In other communal demonstrations of grief, it is the dance patterns and formulations that create a sense of solidified community; a bonding that is both a gestural sign — holding hands — and an affirmative corporeality — an embodied sense of self and the other. The rhythm and the spacing of the dance are not merely a metaphor or an allegory of social bonds; that would exemplify them into a sign of ‘lost’ communal bonding, thus further objectify and aestheticize what is at stake. On the contrary, the formal characteristics corresponding to the aesthetics of the ‘original’ performance are the ground upon which ‘emotional communities’ are based. As Michel Maffesoli has explicated [5], community as an aesthetic form implies a collectivity within which members are connected via the expression of common feelings, thus reinserting the formal characteristics of (a) dance performance into broader social mobilizations. Maffesoli detects the existence of an ethical aesthetics, an art of living which emphasizes ‘getting along’ and getting by so as to maintain the solidarity of tribus and facilitate everyday social interaction.

Hence, neither the aestheticization nor the originality of laments that would unavoidably lead to its romanticization are at the centre of our analysis. On the contrary, temporary ‘identifications’ and ambiguity help reconfigure what is being ‘lost and mourned’ in the staged version of laments. Augustijnen and Guerrero, to avoid any connection with folklorist approaches, tried to imbue the laments with a ‘modernist’ touch, thus already perceive them as ‘distant’ or ‘absent’ from our contemporary societies. The stylistic choices, such as in the costumes or in the movement vocabulary, were a visible sign of the attempted ‘modernization,’ accentuating the bias of the theatre apparatus. Their version of the lament became a showcase of self-indulgent deliration, climaxing to moderate and ordinary ‘contemporary’ dance material — which in some cases felt weary, absorbed in maintaining an energy level imposed on the dancers’ dispersed and agonized presence. The absence of live music and the underestimation of musicians’ corporeality dialoguing with that of the dancers was immensely felt and created sorrow more than exuberant solace.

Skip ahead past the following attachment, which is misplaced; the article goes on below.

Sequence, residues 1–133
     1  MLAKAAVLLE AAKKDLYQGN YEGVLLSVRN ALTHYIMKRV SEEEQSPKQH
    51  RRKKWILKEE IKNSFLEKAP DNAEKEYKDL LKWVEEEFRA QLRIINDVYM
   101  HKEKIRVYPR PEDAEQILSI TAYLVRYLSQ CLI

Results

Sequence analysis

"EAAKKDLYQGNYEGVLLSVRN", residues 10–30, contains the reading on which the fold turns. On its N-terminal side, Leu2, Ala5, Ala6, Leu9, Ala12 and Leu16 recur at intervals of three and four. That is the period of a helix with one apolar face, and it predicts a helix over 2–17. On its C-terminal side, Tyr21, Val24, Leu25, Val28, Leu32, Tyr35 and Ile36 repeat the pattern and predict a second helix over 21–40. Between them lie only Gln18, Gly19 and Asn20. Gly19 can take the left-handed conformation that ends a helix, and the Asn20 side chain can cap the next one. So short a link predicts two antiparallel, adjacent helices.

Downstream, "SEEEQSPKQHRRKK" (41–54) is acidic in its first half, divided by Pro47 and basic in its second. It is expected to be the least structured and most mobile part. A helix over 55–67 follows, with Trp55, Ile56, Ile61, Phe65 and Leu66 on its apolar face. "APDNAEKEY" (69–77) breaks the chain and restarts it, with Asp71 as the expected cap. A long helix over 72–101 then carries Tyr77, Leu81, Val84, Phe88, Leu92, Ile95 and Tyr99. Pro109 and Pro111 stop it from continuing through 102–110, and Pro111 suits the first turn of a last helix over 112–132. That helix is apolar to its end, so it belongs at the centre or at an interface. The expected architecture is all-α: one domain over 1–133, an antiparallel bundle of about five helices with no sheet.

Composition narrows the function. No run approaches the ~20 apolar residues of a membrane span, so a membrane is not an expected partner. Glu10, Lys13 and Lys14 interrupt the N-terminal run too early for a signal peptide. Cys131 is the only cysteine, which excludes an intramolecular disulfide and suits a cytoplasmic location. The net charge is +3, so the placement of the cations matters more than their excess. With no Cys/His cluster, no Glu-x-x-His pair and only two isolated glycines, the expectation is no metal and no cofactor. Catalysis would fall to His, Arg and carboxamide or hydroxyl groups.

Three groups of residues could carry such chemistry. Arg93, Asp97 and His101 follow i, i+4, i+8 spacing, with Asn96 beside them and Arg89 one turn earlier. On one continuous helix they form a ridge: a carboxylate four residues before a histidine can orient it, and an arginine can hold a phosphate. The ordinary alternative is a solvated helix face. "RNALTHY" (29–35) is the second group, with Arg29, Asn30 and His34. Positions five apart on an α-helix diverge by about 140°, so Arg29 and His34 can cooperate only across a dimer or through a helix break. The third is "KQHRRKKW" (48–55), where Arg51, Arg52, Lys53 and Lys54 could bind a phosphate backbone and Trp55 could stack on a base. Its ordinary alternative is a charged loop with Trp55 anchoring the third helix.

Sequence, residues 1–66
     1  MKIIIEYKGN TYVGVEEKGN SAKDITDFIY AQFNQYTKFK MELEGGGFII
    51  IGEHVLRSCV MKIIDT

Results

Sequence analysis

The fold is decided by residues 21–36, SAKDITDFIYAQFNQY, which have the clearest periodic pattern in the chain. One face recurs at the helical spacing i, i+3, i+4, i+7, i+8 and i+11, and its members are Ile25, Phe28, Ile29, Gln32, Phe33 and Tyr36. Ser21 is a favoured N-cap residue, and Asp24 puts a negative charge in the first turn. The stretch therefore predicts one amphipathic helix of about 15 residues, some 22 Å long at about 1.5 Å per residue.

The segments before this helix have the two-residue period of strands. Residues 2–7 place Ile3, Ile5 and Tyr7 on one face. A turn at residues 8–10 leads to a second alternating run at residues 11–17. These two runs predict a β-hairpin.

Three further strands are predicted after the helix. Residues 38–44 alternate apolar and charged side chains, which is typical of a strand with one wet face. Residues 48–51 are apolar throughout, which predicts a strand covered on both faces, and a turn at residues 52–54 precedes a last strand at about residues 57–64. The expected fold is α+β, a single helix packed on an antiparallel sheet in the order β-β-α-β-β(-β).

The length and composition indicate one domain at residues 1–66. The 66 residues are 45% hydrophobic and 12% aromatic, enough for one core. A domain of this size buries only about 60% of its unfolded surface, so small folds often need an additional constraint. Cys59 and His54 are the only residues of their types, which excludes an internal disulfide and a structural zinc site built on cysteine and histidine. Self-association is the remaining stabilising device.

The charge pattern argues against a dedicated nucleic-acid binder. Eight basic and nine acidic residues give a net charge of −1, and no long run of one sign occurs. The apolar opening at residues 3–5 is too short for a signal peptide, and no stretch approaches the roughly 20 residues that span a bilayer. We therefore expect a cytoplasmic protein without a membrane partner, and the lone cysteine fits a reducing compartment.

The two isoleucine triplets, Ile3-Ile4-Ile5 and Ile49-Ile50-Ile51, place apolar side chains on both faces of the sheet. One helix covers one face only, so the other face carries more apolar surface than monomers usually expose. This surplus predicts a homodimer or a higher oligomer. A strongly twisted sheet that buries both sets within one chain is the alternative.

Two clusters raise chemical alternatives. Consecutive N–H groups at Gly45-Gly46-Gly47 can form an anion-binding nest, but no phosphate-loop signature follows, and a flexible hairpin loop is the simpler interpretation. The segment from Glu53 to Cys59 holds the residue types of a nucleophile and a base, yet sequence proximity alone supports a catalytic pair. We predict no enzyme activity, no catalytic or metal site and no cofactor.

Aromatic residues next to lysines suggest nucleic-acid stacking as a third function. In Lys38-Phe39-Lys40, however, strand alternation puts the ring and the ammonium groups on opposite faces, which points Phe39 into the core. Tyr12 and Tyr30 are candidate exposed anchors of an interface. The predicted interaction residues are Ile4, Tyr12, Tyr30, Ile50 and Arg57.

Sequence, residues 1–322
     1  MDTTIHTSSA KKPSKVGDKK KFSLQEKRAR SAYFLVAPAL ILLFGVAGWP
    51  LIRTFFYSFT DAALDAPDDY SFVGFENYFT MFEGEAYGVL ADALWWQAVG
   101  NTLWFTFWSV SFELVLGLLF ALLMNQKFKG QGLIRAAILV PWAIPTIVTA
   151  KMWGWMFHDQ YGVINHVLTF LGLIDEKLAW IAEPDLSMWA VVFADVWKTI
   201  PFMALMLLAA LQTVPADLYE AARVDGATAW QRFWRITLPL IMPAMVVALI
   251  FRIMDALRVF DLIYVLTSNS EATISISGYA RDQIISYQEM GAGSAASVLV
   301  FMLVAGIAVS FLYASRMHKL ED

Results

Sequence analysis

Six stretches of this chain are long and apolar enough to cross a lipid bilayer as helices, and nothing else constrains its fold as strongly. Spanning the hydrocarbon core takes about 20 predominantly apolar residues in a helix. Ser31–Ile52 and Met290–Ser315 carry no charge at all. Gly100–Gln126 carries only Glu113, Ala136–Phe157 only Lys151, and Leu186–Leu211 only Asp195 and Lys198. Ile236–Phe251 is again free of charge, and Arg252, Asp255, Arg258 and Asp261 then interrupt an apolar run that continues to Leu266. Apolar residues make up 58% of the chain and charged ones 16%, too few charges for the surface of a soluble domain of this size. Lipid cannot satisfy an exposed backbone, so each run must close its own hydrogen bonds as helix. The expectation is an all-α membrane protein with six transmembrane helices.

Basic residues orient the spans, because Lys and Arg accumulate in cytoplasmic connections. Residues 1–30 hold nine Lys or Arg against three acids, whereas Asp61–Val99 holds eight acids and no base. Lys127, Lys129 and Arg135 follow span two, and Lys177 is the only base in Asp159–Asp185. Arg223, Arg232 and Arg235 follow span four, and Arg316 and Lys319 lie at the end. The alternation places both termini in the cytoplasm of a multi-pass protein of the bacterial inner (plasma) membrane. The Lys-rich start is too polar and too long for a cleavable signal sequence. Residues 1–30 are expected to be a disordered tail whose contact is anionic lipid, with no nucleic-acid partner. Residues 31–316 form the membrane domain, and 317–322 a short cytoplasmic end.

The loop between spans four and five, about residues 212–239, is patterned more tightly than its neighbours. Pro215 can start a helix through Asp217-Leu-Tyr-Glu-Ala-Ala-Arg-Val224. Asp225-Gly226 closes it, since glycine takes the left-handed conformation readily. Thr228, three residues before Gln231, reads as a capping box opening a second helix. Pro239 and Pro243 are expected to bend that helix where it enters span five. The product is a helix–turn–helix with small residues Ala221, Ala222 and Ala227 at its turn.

However, our discussion is not oriented in the dance’s failed ‘intention’ nor in examining the performance as a thing-in-itself, for itself. Our main concern is to show that Lamenta perpetuates an uncritical assessment of how dance fits into, or even appropriates its ‘multinational world’ under the corporate strategy of “international production.” To use ‘tradition’ as a source of inspiration, to access it randomly without skepticism or carefully investigating narratives that reinforce the predominant grid of power in cultural representations, is to further invest in the impoverishment of minor cultural identities [6]. What (dance) can share with history is the sense of an otherness against which self-identity asserts itself, states Randy Martin [7].

Without adequate historical and societal reflection, the way self is captured and chronicled by the other reconfigures old colonial practices based on self’s utopian sense of a sweeping modernity; Greece is still Europe’s cadaver, what idealism mourns of its lost past. Thus, we keep falling into the trap of perceiving cultural tradition as a ‘storehouse of guises’ and the artist as an eccentric being who is capable of appropriating the other as labour power so that it appears without history and ultimately without identity (or in some cases, with an identity that needs to be ‘modernized,’ homogenized and commodified as a cultural product of dance). This is when ‘difference’ really does make a difference.


Notes
[1] The tension between tradition and inspiration is propagated by the constant ‘re-invention’ of tradition. Thus, tradition, contrary to what one may think, is often linked to historical innovation and the development of the nation. Inspiration is a key concept to understand how tradition is desired, imagined, performed, experienced and ultimately consumed.
[2] Randy Martin, Dance Ethnography and the Limits of Representation, Social Text, No. 33 (1992), pp. 103-123, Duke University Press
[3] http://aefestival.gr/festival_events/lamenta/?lang=en
[4] As cited in Olivia Dunham (2014) "Private Speech, Public Pain: The Power of Women's Laments in Ancient Greek Poetry and Tragedy," CrissCross: Vol. 1: Iss. 1, Article 2
[5] Michel Maffesoli, The Time of the Tribes – The Decline of Individualism in Mass Society, Sage Publications, 1996
[6] For the opposite trajectory, that of empowering minor identities and troubling genealogies, see Marios Chatziprokopiou, Queering the archive of Greek laments, Journal of Greek Media & Culture, Vol. 4, n. 2, p. 223-238
[7] ibid. p. 119

Koen Augustijnen and Rosalba Torres Guerrero, Lamenta. Photo by Heloise Faure. Courtesy of Athens Epidaurus Festival.